These days, being eco-conscious is on the forefront of discussions for all kinds of topics. Whether it’s your child’s school planting a garden and serving the produce in the school cafeteria, employee incentives for carpooling, or your store starting to add a charge for plastic and paper bags, we can’t ignore that the world is moving more and more in that direction. How is a busy family to keep up? Most of us want to incorporate a greener aesthetic into our home-life but it all can seem so overwhelming! Where to start? No worries! In honor of Earth Day upcoming celebration, the following are 10 ways you can start going green in your home today!
1. Start Using Cloth Napkins
I know, I know, it is so much easier to use and toss those paper napkins, but one load of cloth napkins a few times a week isn’t a lot of extra laundry and is so much better for the environment. Plus they are much prettier than paper napkins and can be changed seasonally or to match your mood or décor. They can be found inexpensively at so many retailers now or, if you are in need of a crafting challenge, you can make your own for pennies on the dollar. For those of you who want to take it up a notch or are already using cloth napkins, there are also lots of options for reusable paper towels as well.
2. Stop Using Disposable Bags
Most major retailers currently sell reusable bags for carrying your purchases home. However, if you are the crafty type, you can crochet, knit or sew your own out of your favorite yarns or fabrics. To go further here, stop using disposable plastic baggies as well. Reusable snack and sandwich pouches get cheaper every day and come in cute patterns and colors. They are much better for you too!
Not only is it better for the environment, but it’s better for your wallet! Compact fluorescent lights use 66% less energy than conventional light bulbs. This is huge in both energy and financial savings.
4. Grow Some Food And Buy Local
Whether you decide to grow some kitchen herbs or plant a whole vegetable garden, it’s a big step forward in making your family more green. Large scale food growing operations use far more energy in growing and transporting food over long distances. Eating food that is local and in season means it is fresher for you and benefits farmers in your own local community.
5. Wash Clothes In Cold Water And Use Dryer Balls
Using cold water for laundry uses 90% less electricity and using dryer balls speeds up laundry drying time, also reducing energy cost. Also, remember to lower the water level for smaller loads or just resolve to only do full loads.
6. Go Vegetarian 3-5 Nights A Week
Meat production is tough on the environment and eating less of it is healthier for our bodies. Get protein from beans and other plant sources a few nights a week. It takes less land, less supplies, and there are far fewer environmental costs to growing vegetables fruits and grains than in the production of dairy, meat and eggs.
7. Don’t Just Recycle, Reduce
Try to get off of junk mailing lists when at all possible. Don’t bring extra papers like store receipts, newsletters, fliers into the house. Reuse glass sauce and jam jars. Try to buy products that are fresh and that come in as little packaging as possible. Try to only buy products that can be recycled or are already made of recycled content.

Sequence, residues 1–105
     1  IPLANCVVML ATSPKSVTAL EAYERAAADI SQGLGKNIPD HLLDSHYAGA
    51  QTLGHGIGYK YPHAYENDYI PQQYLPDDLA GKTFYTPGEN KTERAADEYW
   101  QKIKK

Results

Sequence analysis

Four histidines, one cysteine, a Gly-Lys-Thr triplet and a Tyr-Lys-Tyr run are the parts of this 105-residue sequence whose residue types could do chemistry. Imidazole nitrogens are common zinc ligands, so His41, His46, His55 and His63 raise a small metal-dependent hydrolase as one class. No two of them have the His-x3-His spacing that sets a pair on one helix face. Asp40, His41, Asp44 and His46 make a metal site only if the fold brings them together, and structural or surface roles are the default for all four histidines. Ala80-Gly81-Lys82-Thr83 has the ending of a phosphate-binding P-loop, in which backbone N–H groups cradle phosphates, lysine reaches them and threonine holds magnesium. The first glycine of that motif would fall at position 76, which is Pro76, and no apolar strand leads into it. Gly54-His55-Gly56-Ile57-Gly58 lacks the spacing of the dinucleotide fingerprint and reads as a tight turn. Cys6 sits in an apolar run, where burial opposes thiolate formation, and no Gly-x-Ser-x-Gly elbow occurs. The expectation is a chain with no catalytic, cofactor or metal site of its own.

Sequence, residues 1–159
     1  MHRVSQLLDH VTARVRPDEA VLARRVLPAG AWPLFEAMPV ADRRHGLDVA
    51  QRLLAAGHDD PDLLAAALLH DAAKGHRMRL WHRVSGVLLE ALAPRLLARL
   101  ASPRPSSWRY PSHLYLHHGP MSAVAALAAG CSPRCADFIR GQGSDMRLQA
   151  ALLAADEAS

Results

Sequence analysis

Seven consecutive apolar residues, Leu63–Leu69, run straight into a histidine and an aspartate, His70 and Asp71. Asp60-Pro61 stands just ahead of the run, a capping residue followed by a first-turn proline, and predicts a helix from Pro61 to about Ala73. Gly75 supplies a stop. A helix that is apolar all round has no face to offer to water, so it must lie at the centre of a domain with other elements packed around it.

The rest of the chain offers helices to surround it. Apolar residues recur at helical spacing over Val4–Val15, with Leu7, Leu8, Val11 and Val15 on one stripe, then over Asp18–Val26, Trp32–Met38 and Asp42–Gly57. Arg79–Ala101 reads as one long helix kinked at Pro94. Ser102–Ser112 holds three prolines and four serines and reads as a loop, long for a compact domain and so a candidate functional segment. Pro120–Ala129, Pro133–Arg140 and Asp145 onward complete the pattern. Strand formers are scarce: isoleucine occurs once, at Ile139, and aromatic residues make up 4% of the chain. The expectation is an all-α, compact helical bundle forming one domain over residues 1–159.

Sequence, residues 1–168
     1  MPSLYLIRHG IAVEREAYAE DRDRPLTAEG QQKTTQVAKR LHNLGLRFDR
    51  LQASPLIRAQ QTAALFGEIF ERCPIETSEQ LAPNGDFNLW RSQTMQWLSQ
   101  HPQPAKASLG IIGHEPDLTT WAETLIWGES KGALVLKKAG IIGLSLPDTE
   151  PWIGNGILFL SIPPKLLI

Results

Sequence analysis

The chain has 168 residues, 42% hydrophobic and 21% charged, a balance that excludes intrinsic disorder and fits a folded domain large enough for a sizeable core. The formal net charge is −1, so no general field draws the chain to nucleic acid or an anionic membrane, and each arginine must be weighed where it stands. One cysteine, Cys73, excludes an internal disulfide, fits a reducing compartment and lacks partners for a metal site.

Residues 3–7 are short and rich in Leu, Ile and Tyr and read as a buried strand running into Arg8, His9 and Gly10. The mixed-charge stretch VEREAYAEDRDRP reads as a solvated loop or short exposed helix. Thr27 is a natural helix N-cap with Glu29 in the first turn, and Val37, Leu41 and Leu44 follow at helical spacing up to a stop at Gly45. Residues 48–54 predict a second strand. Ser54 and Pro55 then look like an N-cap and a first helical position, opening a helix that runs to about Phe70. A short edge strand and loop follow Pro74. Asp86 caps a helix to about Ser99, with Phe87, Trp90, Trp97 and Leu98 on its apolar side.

8. Ban Buying New
Try not to buy new for big ticket items unless you actually have to. Did your old refrigerator break down? Try to track down a used one, or at least buy an energy efficient one. Many things are perfectly fine buying second hand. If it is something you need just once in a while, like a lawnmower, tools, see if you can form a borrowing group with some of your neighbors. Maybe you can even share the cost of some items and borrow when needed, housing them all in a central location.
9. Eliminate Electricity When Possible
Most of us are not willing to go entirely without it, but keeping appliances unplugged we aren’t using, turning off lights when we leave the room and keeping lights off until they are absolutely necessary can go a long way in keeping our electrical usage and costs down.
10. Travel Wisely
Group errands together so they can be done all at once, one day a week instead of making multiple trips. Pledge to walk anywhere that is a two mile round trip from your house when at all possible. Order online instead of travelling somewhere far away for a hard to find item.
Going green doesn’t have to be hard or overwhelming and it doesn’t have to be expensive. Even simple recycling and reusing in the kitchen can go a long way to help the environment. It is something that, when done mindfully, can be done little by little on a daily basis. Really, you only have to go as green as you want. Not every family is up for dealing with family cloth, but might be willing to try cloth napkins or cloth diapers. Some of us are excited at the notion or building our own compost bin, but others think maybe they could handle growing some herbs on a sunny windowsill. It really is up to you. Examine why you want to be more eco-conscious and discuss it with your family members. If you can decide together the areas that you want to focus on, being green gets even easier because you are moving along together to achieve a more eco-friendly home. It really can be easy being green! Have a happy Earth Day!